fund, Revolve Fund

Philanthropic Fund Has Raised Over $2M For Entrepreneurs Of Color Pursuing Capital

The Revolve Fund has helped entrepreneurs of color secure $10.9 million in extra outside capital for their businesses and nonprofits.

Black entrepreneur and seasoned philanthropist James Wahls, founder and managing director of the Revolve Fund, is convinced recoverable grants are now a viable capital option for Black businesses.

Wahls said his firm has raised over $2 million in total funding, including $1.3 million in recoverable grants for entrepreneurs of color nationwide. And it just gained $300,000 from the Surdna Foundation to provide planning, grantmaking, and business support for grantees in the South. Further, he added that the fund seeks to raise another $10 million over the next three years.

He launched the Revolve Fund in 2020. Wahls said it has helped entrepreneurs of color secure $10.9 million in extra outside capital for their businesses and nonprofits through direct leverage, co-investment, referrals, and strategic guidance.

Wahls said recoverable grants can offer Black entrepreneurs prompt and adjustable funding to be used for several purposes. That could include starting a new venture, expanding an existing business, and testing new products. Recoverable grants have been a financing option for decades.

However, what perhaps makes the grants timely now is that access to capital remains a large obstacle for many Black businesses. A recent report showed that 76% of Black entrepreneurs reported that access to capital was a hurdle. Wahls maintains funders looking to catalyze businesses led by people of color should support recoverable grant strategies, yet they still need to be utilized.

“Entrepreneurs of color experience a host of challenges when attempting to start or scale their businesses,” he said. “It is imperative that the philanthropic sector and traditional investors develop unique tools that address years of exclusion to cater to this demographic. That is what the Revolve Fund attempts to do.”

So, what is a recoverable grant? Wahls defined it as a financial grant to a for-profit or nonprofit entity where all or part of the investment is returned or directed elsewhere. He said the grant is only repaid if certain financial milestones that support the grant’s charitable purposes are achieved. He stressed the grants are not a zero percent loan, a forgivable loan, or other financial product that includes typical loan-related provisions.

He pointed out that they can be offered by grantmaking organizations, including private foundations, public institutions, and nonprofit organizations. He said the grants offer an opportunity for Black business owners to demonstrate proof of repayment history and make them a stronger investment candidate. The firm reports 80% of its recoverable grantees are BIPOC-owned or -led organizations​.

Wahls said Revolve Fund receives grants and donations to offer recoverable grants. He added that current funders include the Annie E. Casey Foundation, JPMorgan Chase, PNC Bank, the Rockefeller Foundation, and the Open Society Institute-Baltimore.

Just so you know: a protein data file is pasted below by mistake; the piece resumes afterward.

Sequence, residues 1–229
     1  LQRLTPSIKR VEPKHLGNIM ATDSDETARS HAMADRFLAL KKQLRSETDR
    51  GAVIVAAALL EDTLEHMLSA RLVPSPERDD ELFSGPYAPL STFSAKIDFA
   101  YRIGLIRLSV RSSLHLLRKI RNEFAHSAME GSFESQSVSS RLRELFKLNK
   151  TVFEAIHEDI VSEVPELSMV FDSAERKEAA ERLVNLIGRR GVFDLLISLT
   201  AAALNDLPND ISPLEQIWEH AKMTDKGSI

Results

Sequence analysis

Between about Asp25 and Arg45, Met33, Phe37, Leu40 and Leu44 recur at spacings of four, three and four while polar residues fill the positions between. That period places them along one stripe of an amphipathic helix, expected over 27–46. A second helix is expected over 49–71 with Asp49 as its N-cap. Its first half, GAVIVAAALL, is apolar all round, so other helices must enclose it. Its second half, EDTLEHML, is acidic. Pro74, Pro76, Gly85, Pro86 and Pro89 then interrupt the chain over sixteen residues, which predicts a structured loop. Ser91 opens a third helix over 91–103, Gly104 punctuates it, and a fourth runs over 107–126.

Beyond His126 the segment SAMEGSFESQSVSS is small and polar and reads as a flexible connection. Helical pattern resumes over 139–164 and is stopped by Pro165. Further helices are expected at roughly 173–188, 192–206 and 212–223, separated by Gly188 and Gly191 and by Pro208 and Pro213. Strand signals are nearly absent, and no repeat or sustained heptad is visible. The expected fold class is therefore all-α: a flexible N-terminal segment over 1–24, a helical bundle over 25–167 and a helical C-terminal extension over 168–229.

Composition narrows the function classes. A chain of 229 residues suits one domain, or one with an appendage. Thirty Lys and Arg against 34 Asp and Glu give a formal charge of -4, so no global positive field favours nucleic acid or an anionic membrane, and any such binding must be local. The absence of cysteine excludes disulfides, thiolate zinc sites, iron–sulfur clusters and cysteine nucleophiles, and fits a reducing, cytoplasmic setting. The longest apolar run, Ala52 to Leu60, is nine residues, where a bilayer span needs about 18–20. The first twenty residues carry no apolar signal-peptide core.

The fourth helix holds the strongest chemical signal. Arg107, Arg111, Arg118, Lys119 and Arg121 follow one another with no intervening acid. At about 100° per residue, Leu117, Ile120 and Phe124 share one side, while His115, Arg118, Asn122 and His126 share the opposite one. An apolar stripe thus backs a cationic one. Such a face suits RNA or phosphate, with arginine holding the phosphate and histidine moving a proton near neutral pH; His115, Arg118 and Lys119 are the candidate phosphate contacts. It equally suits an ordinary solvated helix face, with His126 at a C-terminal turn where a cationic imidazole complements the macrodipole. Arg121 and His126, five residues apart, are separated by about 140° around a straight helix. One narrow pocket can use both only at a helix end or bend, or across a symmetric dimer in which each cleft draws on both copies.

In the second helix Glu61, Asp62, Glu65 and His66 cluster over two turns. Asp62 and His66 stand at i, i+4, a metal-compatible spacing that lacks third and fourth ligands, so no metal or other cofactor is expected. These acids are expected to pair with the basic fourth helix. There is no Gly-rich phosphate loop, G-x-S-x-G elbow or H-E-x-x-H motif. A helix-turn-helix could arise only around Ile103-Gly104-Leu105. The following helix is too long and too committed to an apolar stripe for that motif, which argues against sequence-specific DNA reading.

Wahls brings over 15 years of experience to the Revolve Fund. That includes working at the Annie E. Casey Foundation in Baltimore and the W.K. Kellogg Foundation in Battle Creek, Michigan. He said he managed or co-managed over $250 million in impact investing allocations, including grant, equity, debt, and direct investments.

Wahls connected with BLACK ENTERPRISE and offered some feedback on how the Revolve Fund works.

BE: Please explain what your fund does and how it works?

Wahls: We offer recoverable grants. With a U.S. focus, we work to increase capital access through interest-free recoverable grant capital for businesses, nonprofit organizations, financial intermediaries, and emerging managers. Revolve offers a network of technical assistance partners, public relations professionals, and investors to help catapult the enterprises of grantees.

BE: What is rare about your firm’s recoverable grant process?

Wahls: Each recoverable grant is custom designed based on several factors and includes agreed upon repayment milestones. My goal is to create an atmosphere of trust and to facilitate knowledge transfers for grantees. We offer compassionate capital that helps entrepreneurs of color scale, connect with larger financial investors, and prepare for future growth.

BE: Please tell us what risks are tied to recoverable grants and whether your firm helps grantees overcome them?

Wahls: The risk falls on the Revolve Fund. If grantees don’t meet their financial metrics, they don’t have to return the money. So, that means that we’re out of our investments. But it is a risk that the fund is willing to pay to push small businesses led by Black people and people of color forward. If they do meet the financial metrics, then they repay the fund. That allows us to recycle the funds and invest in new entrepreneurs.

Those interested in applying for recoverable grants can do so here.

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